It’s officially summer on Tuesday, June 21st, at 4:14 AM CDT for those wanting to know. Summer solstice and its counterpart winter solstice in December are seasonal indicators of change. Change in the length of daylight hours/nighttime hours. They and their intermediaries the equinoxes form a set of progress markers for our Earth’s journey around the Sun, our very own star.

Winter skies tend to be crisp, clear, and dark – mostly due to less Milky Way in the sky (remember, all the individual stars we see are in the Milky Way). The summer sky is hazier, and somewhat brighter, mostly due to a more prominent Milky Way. The winter sky seems to be a little less populated.

It’s summertime and time for summer constellations and the beauty they have in store. Zodiacal constellations – Aquarius, Capricornus, Sagittarius, Scorpius, Libra, Virgo, Leo. Other headliners like Hercules, Lyra, Cygnus, Aquila, Boötes, Ursa Major and Minor. The summertime sky is chock full of constellations and stuff to look at.

Let’s start with Polaris, the north star. Find the Big Dipper (part of Ursa Major). Then trace a line through the two outer stars of the cup so the line goes up and away from the cup. Keep tracing the line until you run into a bright star. It won’t be too far. You have found the north star, Polaris. Polaris is the end of the Little Dippers handle. The Little Dipper is part of Ursa Minor. If you can see Polaris, you know which way is north, and east and west and south.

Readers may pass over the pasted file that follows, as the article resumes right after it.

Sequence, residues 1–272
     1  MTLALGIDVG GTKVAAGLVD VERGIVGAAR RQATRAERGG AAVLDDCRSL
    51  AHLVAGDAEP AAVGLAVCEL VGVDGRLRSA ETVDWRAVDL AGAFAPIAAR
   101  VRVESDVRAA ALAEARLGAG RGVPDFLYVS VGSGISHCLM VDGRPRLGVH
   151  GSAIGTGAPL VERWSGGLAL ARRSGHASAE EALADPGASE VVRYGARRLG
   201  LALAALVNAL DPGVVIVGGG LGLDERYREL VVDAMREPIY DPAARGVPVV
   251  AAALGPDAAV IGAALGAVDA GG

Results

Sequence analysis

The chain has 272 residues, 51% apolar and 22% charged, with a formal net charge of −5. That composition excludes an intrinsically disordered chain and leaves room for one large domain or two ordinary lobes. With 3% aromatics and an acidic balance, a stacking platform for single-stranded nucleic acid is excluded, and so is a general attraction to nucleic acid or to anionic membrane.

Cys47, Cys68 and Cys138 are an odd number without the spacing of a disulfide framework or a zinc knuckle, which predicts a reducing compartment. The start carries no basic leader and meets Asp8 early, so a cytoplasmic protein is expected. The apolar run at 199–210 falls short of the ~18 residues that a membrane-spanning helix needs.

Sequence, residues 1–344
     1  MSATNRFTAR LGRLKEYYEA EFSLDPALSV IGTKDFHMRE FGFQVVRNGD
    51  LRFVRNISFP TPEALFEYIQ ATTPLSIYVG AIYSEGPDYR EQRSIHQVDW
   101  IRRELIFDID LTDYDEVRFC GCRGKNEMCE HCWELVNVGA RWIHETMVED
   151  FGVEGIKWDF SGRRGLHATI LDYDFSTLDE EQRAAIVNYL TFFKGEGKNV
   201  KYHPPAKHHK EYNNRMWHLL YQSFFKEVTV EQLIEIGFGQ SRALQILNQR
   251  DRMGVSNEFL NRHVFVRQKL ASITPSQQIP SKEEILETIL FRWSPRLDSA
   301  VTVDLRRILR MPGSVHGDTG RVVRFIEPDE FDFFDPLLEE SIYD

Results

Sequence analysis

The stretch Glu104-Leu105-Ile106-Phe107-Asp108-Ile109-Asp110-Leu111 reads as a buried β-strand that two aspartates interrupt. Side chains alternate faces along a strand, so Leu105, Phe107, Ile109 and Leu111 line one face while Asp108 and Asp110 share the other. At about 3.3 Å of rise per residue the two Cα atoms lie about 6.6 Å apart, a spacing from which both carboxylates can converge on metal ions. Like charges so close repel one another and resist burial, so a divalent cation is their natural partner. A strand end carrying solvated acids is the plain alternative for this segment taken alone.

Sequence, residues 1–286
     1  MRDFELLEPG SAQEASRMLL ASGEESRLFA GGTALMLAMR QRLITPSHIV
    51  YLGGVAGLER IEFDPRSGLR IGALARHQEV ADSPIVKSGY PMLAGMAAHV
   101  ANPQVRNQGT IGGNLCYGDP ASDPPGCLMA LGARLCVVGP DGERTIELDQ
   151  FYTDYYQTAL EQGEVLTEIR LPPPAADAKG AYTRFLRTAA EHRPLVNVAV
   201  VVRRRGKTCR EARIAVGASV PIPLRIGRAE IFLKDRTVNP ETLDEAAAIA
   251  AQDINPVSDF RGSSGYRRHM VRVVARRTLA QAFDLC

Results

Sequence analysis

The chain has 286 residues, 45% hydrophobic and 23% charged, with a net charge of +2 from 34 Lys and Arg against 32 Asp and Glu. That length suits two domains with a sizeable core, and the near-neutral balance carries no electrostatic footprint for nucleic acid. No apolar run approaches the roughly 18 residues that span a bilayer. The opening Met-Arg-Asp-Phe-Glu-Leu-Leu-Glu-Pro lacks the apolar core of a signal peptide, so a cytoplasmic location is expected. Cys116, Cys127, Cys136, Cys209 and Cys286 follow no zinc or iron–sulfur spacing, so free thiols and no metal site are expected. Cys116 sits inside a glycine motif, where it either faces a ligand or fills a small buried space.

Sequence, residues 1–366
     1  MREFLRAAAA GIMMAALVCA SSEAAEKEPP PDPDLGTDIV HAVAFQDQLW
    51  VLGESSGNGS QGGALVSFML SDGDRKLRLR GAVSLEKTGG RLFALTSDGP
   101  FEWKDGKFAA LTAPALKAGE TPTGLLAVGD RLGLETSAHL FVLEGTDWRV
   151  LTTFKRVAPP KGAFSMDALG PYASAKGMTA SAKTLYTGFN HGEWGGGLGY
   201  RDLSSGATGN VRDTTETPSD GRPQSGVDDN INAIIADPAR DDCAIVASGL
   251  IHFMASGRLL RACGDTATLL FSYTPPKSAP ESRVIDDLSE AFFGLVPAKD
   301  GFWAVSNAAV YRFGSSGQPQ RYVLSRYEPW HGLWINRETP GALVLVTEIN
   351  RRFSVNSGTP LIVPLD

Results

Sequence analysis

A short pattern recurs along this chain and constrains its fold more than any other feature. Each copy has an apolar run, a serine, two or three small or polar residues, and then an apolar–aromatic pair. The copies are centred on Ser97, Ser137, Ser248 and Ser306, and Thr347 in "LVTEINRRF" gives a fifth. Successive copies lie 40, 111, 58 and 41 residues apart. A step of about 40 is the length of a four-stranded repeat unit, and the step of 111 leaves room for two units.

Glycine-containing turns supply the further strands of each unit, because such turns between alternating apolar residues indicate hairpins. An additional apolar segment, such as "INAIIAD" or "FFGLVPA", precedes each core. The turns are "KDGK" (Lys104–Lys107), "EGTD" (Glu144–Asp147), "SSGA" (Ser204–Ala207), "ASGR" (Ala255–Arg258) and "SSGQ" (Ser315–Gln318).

Next let’s find the summer triangle, a pretty, and easy gem to spot. You might want to use a lounge chair or blanket to lie on. Face north. Nearly straight up is brilliant Vega in Lyra, the lyre. At about 4 o’clock from Vega you will see the bright star Deneb in Cygnus, the Northern Cross. At about 2 o’clock from Vega is the bright star Altair in Aquila, the eagle. The Summer Triangle is an asterism formed by stars from the three constellations. It will be with us all summer and into fall.

Next, a globular cluster or two. You will need binoculars for this.  Starting with Vega again, scan left until you are looking directly overhead, or until you see a smudgy spot directly overhead. This is globular cluster M92 in Hercules. From M92, slowly scan towards 11 o’clock and you should bump into M13, the great Hercules globular cluster. It should be brighter than M92.

Next week, more summertime sights.

What’s in the Sky?

This is early riser time. I mean an hour before sunrise early. Looking to the east and into the south there are at least 6 planets up. Four are easy naked eye and two (Uranus and Neptune) need binoculars or telescope. Venus, Uranus, Mars, Jupiter, Neptune, and Saturn. You might glimpse Mercury to the lower left of Venus just before sunrise. This line-up will continue for weeks.